DocuWare Design

A range of resources for designers, developers

Design System

DocuWare Design System

DocuWare Design System is a set of guidelines for document management solutions and digital experiences. Based on the company’s Design Language and Values, the system provides human interface guidelines for user-centric design.

  • Design System includes the guidelines and resources to create user interfaces consistent with the company vision, design language, and market best practices. In addition, provided materials focused on user experience, interactions, and flows.
  • Writing guidelines, and pattern libraries, together with style guides, toolkits, and design principles, form an entire Design System.
  • Design System provides various resources for designers, developers, and everyone involved in creating and improving DocuWare products.

Purpose and Goals


The DocuWare Design system’s primary purpose is to increase product development efficiency. 

  • With a consistent design language in place, it becomes easier to design products at scale that are consistent in aesthetics, user interface, and user experience.
  • DocuWare also promotes collaboration through the Design System since handoffs across distributed teams become easier.



We strive to save time and energy by letting designers and developers focus on more important topics of usability, flows, and user needs. In addition, standardized, reusable components support collaboration, reinforce branding and provide a consistent look and user experience.


Our goal is to create and provide perceivable, operable, understandable, and robust products for all kinds of users around the globe. Kinetic Design System establishes guidelines and requirements to empower the DocuWare products’ inclusivity and accessibility.


Design System is a living creature that evolves with technologies and user needs. Our UX team constantly expands and improves the design possibilities keeping DocuWare products in line with market and user demands.


Design System is based on the following principles:


Design should eliminate ambiguity and enable people to access, understand, and act confidently while interacting with the DocuWare product.


The Design System should intelligently anticipate needs to help users work better, smarter, and faster.


Design System enhances familiarity and strengthens intuition by applying the same rules and requirements throughout the user interfaces.

How to begin

A Design System is a collection of rules, principles, constraints, and best practices for design and code, along with components that unify both practices.

The design does not scale smoothly, and efficiency doesn’t emerge from thin air. So DocuWare Design Teams created a catalog of the reusable items in the product.

This includes patterns, colors, text styles, icons, grid systems, and even interactions, which Designers, Developers, Product Owners, Product Managers, and other stakeholders and participating roles should consider in the Product Development processes.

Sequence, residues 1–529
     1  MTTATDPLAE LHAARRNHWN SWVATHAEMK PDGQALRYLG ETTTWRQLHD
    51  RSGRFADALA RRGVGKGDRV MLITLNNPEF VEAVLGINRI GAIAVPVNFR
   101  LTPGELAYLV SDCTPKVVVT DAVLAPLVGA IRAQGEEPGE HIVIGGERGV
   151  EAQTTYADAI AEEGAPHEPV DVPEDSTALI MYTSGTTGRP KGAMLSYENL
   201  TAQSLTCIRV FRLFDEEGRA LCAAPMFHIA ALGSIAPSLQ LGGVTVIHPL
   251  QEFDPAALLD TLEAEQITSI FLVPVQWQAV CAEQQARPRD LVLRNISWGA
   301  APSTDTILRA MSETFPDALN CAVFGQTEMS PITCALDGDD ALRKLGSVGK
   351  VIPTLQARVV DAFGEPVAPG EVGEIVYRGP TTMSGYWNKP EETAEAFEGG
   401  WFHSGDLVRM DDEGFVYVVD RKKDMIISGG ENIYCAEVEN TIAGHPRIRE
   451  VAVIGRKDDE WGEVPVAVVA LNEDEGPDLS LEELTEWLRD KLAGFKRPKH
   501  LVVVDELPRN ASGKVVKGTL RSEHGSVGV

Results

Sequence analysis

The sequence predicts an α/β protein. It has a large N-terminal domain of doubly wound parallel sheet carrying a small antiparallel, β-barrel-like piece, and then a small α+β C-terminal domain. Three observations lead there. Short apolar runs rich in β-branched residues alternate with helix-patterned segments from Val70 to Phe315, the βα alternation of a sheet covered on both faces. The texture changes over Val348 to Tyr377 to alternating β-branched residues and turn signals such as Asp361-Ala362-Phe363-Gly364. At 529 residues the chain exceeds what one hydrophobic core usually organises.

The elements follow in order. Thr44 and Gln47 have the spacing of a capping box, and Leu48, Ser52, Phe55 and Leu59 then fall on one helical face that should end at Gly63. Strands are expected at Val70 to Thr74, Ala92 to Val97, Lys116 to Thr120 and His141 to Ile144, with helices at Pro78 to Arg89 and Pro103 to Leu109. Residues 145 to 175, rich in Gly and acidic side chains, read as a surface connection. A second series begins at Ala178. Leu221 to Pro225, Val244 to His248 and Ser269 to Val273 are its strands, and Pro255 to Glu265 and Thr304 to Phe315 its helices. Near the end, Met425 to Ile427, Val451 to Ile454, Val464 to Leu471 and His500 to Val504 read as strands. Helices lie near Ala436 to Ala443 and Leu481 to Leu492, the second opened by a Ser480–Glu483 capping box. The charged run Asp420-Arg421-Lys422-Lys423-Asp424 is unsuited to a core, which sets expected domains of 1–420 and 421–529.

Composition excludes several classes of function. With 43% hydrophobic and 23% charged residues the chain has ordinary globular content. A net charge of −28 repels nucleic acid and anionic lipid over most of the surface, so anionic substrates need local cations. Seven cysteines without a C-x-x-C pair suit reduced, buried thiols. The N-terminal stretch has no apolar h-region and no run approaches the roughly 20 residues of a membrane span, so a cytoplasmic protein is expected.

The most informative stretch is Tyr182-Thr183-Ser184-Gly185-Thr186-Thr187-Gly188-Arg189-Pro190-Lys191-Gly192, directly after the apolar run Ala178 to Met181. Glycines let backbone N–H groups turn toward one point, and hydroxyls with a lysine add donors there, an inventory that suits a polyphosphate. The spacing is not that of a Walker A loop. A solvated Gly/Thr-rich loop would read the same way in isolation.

Begin with the following:

  1. Explore the Guidelines to learn the DocuWare product design patterns and principles.
  2. Familiarise yourself with DocuWare Tone of Voice and Writing Guidelines for the user interface copy and microcopy.
  3. Review the Components section to enlighten yourself with the existing components which can incorporate into your designs.
  4. Check the Patterns, architecture, and usage principles.
  5. Learn about Accessibility and Inclusivity guidelines.
  6. Access the UI Library and design Tokens.


Use the design system for the following purposes:

  1. Get an overview of styling and interaction guidelines of the user interface Components and Patterns.
  2. Review the Components' and Patterns' visual representation and documentation.
  3. Get access to the Angular-based components library and code snippets.
  4. Get access to the UI library with Styles and Design Tokens.


A layout design guideline is a design concept used for organizing and maintaining the consistency and structure of design elements and the layout of the product.

Layout Properties


  • Margin: The margin is the space in relation to other surrounding components
  • Padding: The padding is the space between the UI components and their children


  • Width: The width of a component
  • Height: The height of a component
  • Border: The components stroke
  • Radius: The length of a circle or sphere


  • X: The horizontal position of the component
  • Y: The vertical position of the component
  • Z: The z-axis of the component

Layout Types

Clear communication

The flexible layout structure enables content to be conveyed clearly and precisely. Whether filling the entire space or subdivided into several areas, the layout’s division is geared toward the content of the message to be conveyed.


The grid is the foundation for positioning components and patterns on user screens. Designing on a grid helps create a seamless and easy-to-use experience.


  • The grid comprises columns, gutters, and margins, providing a convenient structure for layout elements within the body region.
  • Components, imagery, and text should be aligned with the column grid to ensure a logical and consistent layout across screen sizes and orientations.
  • As the size of the body region grows or shrinks, the number of grid columns changes in response.


Using a base grid of 8 pixels should allow flexibility in scaling and spacing. To ensure that each UI element is aligned to the pixel grid, values ​​multiplied by 8 (eight) should be used to determine component sizes, padding, and margins.

Common Grid Layouts

A grid consists of a framework of cells laid out and aligned vertically and horizontally. It helps users read and visually navigate website content more efficiently, using a responsive, scrollable column structure.

Full width
12 columns
One-half width
6 columns
Two-thirds width
8 columns
One-third width
4 columns
Three-quarters width
9 columns
One-quarter width
3 columns


Layouts can feature one or more subdivisions, both horizontally and vertically. The division is straight, rectangular, and bled to the edge; it can be either symmetrical or clearly asymmetrical.